(HealthDay News) — Transitional care interventions can prevent readmissions and mortality in patients with heart failure, according to research published online May 27 in the Annals of Internal Medicine.

Cynthia Feltner, MD, MPH, from the University of North Carolina at Chapel Hill, and colleagues conducted a systematic literature review and meta-analysis. They included studies assessing the efficacy, comparative effectiveness, and harms of transitional care interventions in reducing readmission and mortality rates for adults hospitalized with heart failure.

The researchers found that, of the 47 included trials (most with moderate to severe heart failure; mean age, 70 years), few trials reported 30-day readmissions. High-intensity home-visiting programs reduced all-cause readmission and the composite end point (all-cause readmission or death; low strength of evidence [SOE]) at 30 days). Home-visiting programs and multidisciplinary heart failure clinic interventions reduced all-cause readmission (high SOE) from three to six months. Heart failure-specific readmission and the composite end point were cut (moderate SOE) with home-visiting programs. Heart failure-specific readmissions declined (high SOE), but not all-cause readmissions (moderate SOE) with structured telephone support interventions. A mortality benefit was seen with home-visiting programs, multidisciplinary heart failure clinics, and structured telephone support. No benefits were seen with telemonitoring or educational interventions.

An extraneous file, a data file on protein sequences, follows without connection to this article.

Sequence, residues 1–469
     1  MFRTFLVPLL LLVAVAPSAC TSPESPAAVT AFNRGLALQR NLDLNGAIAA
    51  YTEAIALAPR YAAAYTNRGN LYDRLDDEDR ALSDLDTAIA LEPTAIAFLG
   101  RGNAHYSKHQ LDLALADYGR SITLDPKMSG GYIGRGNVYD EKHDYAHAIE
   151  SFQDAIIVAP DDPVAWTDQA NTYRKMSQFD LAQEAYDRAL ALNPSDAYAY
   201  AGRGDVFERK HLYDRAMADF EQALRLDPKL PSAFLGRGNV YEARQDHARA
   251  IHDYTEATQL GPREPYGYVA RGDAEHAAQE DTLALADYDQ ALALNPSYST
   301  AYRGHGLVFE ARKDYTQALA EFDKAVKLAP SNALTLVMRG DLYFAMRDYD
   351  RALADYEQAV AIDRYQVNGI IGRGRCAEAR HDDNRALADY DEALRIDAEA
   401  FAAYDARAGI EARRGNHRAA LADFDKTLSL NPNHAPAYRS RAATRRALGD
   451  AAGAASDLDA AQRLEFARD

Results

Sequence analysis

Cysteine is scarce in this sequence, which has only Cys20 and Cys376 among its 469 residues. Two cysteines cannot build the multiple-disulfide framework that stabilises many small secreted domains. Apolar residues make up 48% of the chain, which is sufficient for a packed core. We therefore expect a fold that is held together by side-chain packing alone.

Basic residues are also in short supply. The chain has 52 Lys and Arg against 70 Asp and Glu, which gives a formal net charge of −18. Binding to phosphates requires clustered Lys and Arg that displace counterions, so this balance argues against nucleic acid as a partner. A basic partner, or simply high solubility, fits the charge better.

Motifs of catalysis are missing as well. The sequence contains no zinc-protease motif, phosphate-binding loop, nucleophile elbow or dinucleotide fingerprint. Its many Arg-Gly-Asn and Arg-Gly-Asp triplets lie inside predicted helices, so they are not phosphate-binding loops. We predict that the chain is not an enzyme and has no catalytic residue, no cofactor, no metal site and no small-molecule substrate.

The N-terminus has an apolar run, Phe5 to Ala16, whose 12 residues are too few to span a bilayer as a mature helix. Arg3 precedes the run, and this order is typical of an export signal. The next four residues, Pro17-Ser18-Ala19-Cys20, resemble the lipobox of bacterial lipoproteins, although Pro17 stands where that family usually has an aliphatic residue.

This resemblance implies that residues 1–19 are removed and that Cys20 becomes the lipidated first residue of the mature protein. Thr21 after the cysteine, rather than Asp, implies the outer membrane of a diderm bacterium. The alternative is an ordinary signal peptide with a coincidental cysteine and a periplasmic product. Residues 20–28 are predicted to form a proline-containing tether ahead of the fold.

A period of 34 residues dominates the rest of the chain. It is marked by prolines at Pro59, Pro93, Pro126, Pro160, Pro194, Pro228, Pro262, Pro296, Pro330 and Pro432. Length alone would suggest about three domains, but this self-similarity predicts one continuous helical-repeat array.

“These interventions should receive the greatest consideration by systems or providers seeking to implement transitional care interventions for persons with heart failure,” the authors write.

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